Toward an alcohol use disorder continuum using item response theory: results from the National Epidemiologic Survey on Alcohol and Related Conditions
Background. Item response theory (IRT) was used to determine whether the DSM-IV diagnostic criteria for alcohol abuse and dependence are arrayed along a continuum of severity.
Method. Data came from a large nationally representative sample of the US population, 18 years and older. A two-parameter logistic IRT model was used to determine the severity and discrimination of each DSM-IV criterion. Differential criterion functioning (DCF) was also assessed across subgroups of the population defined by sex, age and race-ethnicity.
Results. All DSM-IV alcohol abuse and dependence criteria, except alcohol-related legal problems, formed a continuum of alcohol use disorder severity. Abuse and dependence criteria did not consistently tap the mildest or more severe end of the continuum respectively, and several criteria were identified as potentially redundant. The drinking in larger amounts or for longer than intended dependence criterion had the greatest discrimination and lowest severity than any other criterion. Although several criteria were found to function differentially between subgroups defined in terms of sex and age, there was evidence that the generalizability and validity of the criterion forming the continuum remained intact at the test score level.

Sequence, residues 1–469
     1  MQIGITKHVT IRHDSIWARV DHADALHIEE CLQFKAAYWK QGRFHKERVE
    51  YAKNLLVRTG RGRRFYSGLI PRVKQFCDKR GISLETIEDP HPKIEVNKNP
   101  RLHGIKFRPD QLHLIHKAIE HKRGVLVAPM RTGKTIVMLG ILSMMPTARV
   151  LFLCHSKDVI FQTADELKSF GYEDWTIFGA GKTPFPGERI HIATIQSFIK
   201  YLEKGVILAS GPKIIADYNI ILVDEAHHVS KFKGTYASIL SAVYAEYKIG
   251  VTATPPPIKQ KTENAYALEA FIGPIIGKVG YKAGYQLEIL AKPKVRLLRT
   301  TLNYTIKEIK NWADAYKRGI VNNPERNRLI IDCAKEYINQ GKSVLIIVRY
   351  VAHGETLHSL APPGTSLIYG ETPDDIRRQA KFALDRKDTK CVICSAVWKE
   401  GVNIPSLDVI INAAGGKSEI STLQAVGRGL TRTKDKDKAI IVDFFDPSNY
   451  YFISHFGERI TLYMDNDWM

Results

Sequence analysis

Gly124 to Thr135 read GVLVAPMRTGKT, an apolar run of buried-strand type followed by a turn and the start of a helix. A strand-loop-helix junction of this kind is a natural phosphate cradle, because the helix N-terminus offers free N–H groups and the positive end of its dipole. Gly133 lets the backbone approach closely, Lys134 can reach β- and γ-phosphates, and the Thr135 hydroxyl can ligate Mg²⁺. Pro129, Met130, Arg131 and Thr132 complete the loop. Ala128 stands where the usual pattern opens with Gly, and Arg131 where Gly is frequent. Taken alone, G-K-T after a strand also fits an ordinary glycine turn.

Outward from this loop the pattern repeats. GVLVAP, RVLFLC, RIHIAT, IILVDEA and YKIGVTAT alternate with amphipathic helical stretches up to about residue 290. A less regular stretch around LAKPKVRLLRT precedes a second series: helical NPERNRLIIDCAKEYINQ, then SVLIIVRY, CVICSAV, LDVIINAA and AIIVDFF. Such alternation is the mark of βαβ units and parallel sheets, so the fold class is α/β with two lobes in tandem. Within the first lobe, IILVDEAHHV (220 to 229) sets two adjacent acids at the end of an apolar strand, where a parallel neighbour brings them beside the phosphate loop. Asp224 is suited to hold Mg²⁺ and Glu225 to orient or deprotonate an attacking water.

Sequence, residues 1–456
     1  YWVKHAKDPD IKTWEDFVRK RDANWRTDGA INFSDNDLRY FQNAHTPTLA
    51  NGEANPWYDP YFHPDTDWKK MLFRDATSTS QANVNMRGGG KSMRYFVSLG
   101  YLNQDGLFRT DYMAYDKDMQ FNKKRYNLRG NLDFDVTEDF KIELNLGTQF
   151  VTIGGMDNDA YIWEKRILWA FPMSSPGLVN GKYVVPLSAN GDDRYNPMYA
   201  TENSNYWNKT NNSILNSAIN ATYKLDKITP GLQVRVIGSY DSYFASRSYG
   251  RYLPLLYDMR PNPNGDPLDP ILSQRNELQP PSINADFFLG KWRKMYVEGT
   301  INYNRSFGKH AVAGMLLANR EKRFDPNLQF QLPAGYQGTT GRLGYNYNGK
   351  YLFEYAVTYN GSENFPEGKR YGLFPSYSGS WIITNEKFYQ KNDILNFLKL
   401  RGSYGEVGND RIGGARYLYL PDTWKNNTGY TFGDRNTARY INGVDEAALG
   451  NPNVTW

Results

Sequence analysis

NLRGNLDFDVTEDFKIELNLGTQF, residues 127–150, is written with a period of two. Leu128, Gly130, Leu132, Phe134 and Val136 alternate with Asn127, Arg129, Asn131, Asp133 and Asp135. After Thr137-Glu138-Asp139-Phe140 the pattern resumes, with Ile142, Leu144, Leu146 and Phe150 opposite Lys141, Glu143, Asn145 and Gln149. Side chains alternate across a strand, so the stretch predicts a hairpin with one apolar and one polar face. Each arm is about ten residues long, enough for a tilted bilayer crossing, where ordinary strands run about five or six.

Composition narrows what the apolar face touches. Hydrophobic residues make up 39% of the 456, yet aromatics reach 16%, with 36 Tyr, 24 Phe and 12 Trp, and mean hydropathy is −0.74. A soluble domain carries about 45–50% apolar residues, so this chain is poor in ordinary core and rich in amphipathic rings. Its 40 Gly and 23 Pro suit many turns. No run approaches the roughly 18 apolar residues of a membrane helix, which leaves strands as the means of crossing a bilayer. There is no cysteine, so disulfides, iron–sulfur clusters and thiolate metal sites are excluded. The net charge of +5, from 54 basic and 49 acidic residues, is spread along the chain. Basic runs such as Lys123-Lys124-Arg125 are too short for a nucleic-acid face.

Conclusions. DSM-IV diagnostic criteria for alcohol abuse and dependence form a continuum of severity, calling into question the abuse–dependence distinction in the DSM-IV and the interpretation of abuse as a milder disorder than dependence. The criteria tapped the more severe end of the alcohol use disorder continuum, highlighting the need to identify other criteria capturing the mild to intermediate range of the severity. The drinking larger amounts or longer than intended dependence criterion may be a bridging criterion between drinking patterns that incur risk of alcohol use disorder at the milder end of the continuum, with tolerance, withdrawal, impaired control and serious social and occupational dysfunction at the more severe end of the alcohol use disorder continuum. Future IRT and other dimensional analyses hold great promise in informing revisions to categorical classifications and constructing new dimensional classifications of alcohol use disorders based on the DSM and the ICD.
c1 Laboratory of Epidemiology and Biometry, Room 3077, Division of Intramural Clinical and Biological Research, National Institute on Alcohol Abuse and Alcoholism, National Institutes of Health, 5635 Fishers Lane, MS 9304, Bethesda, MD 20892-9304, USA. (Email: firstname.lastname@example.org)